MADISON, Wis. – A Madison-based clinic is trying to track down hundreds of patients after a nurse apparently spent years improperly using diabetic injection devices on them, potentially exposing them to blood-borne diseases such as HIV.
Dean Clinic officials on Monday began trying to contact by phone and letter 2,345 patients who saw the nurse between 2006 and when she left her job two weeks ago. They want the patients to come in for testing for HIV as well as hepatitis B and C. State and local health officials said they're monitoring the situation, but no one had detected any diseases connected to the nurse as of late Monday afternoon.
The clinic's chief medical officer, Dr. Mark Kaufman, said the nurse is a certified diabetic educator. Her job called for her to train newly-diagnosed diabetics on how to inject insulin and test their blood sugar levels.
Clinic officials declined to identify the nurse.
Earlier this month, another clinic employee reported that the nurse was improperly using a device known as an insulin demonstration pen, which resembles a large hypodermic needle and injects insulin into the bloodstream, as well as a more widely-known finger prick device for blood tests, Kaufman said.
The nurse was supposed to demonstrate how to use the pen on pillows and oranges, not on the patients themselves, Kaufman said. But an internal investigation showed she was using the same pen on people. She used clean needles each time, but using the pen on a person could allow a microscopic backwash of blood to flow back into the pen's reservoir, potentially contaminating it and putting the next patient at risk, Kaufman said.
The finger prick device is supposed to be used on people, but the entire device should be used only once per patient, Kaufman said. The nurse changed needles but used the same handle from patient to patient, creating a risk that blood could get onto it, dry and infect the next fresh needle and patient.
The nurse left her job on Aug. 10, the same week the other clinic employee came forward about her practices, said Dr. Craig Samitt, the clinic's chief executive officer. He declined to say whether she resigned or was terminated.
Samitt and Kaufman said the nurse was experienced, noting her certification as a diabetic educator, but it's unclear why she didn't follow the devices' guidelines or clinic protocols. Clinic officials have interviewed her, but Samitt declined to elaborate.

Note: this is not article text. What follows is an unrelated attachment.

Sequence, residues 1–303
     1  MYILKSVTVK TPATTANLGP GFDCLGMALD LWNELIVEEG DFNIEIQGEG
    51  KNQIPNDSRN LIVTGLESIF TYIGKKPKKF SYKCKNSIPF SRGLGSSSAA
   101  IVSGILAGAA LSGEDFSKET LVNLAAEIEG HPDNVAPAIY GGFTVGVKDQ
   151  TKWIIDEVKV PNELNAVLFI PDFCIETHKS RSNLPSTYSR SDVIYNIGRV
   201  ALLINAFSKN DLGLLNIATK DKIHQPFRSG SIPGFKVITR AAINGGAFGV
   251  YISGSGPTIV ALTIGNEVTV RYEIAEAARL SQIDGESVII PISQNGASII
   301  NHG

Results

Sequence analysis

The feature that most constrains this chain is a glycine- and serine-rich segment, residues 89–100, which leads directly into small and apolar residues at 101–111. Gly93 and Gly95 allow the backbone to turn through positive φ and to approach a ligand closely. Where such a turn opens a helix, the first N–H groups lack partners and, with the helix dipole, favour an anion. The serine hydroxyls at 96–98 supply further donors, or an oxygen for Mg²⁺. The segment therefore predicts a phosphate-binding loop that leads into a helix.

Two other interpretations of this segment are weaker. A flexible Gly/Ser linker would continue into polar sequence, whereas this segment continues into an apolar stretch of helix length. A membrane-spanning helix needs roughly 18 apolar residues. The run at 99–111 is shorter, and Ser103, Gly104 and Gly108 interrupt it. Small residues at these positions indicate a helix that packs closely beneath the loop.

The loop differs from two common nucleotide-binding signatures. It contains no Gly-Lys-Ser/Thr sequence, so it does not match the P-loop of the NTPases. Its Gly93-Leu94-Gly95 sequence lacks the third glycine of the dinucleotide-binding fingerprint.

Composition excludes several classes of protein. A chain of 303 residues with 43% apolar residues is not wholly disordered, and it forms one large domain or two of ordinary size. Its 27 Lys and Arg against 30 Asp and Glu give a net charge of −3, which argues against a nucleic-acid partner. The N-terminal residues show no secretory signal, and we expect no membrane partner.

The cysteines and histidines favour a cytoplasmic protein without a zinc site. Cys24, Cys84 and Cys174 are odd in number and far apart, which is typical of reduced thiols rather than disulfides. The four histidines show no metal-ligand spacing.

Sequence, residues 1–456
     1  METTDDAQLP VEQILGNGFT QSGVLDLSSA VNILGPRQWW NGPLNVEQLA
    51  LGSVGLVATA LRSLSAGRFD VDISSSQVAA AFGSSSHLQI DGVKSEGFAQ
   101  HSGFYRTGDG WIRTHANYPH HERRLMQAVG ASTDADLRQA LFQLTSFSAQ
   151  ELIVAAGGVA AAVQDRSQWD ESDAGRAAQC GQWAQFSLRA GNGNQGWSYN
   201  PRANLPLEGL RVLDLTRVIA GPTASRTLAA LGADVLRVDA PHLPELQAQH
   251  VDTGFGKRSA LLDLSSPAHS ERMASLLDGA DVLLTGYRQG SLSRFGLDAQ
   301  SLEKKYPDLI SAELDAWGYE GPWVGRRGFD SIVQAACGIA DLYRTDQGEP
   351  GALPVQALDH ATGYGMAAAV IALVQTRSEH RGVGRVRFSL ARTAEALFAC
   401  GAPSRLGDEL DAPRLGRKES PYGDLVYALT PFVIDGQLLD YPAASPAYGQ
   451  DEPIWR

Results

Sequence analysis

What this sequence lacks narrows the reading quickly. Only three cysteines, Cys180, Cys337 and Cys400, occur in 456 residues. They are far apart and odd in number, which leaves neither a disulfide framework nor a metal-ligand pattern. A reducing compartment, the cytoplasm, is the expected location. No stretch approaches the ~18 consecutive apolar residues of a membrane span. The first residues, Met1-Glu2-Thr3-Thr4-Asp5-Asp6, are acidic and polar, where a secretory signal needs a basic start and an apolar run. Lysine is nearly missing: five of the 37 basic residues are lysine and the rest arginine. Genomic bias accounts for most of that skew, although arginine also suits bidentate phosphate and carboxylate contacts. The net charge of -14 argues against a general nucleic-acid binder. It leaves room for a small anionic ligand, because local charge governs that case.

"This is an ongoing investigation," he said.
Kaufman said the nurse's actions probably pose little danger to the patients. The HIV virus degrades in a matter of days, and the hepatitis strains can't survive for more than a month, he noted.
It's unclear just how many of the nurse's patients underwent an insulin pen or finger prick demonstration or even if anyone who did was infected with a blood disease and could have passed it on.
"The risk is minimal, but remains a theoretical risk," Kaufman said.
Dean Clinic includes about 720 health care providers located throughout southern Wisconsin. Samitt declined to say where the nurse worked.
Stephanie Smiley, a spokeswoman for the state Department of Health Services, said agency officials learned of the potential exposures Monday morning and have been in contact with the clinic. They also have notified the U.S. Centers for Disease Control and Prevention, she said.
"This is a very serious situation and it appears that Dean Clinic is taking the appropriate steps to notify patients of possible exposure and performing follow-up testing as necessary," she said in an email.
A CDC spokeswoman had no immediate comment. Officials with the state Department of Safety and Professional Services, which regulates health care providers, declined comment.
In the last few years, poor hygiene practices at U.S. Department of Veterans Affairs hospitals in Ohio, Florida, Georgia, Missouri and Tennessee led to warnings to nearly 13,000 veterans that they should be checked for possible blood borne diseases.
Tests so far have found eight possible infections with HIV, the virus that causes AIDS, and 61 cases of hepatitis B or C, the VA has said. However, it's not known how many of these cases, if any, were from treatment at VA hospitals or from unrelated causes. Testing often is unable to determine the origin of such infections, and some people may have been infected before their VA care occurred without knowing it.
Hepatitis C infections also can resolve on their own over time. Certain medicines can help the body clear the virus — why it's important for anyone at potential risk to be tested as soon as possible.
It's not known how common infection breaches like this are at private hospitals. The VA ones came to light because the VA is a government entity and must report such incidents.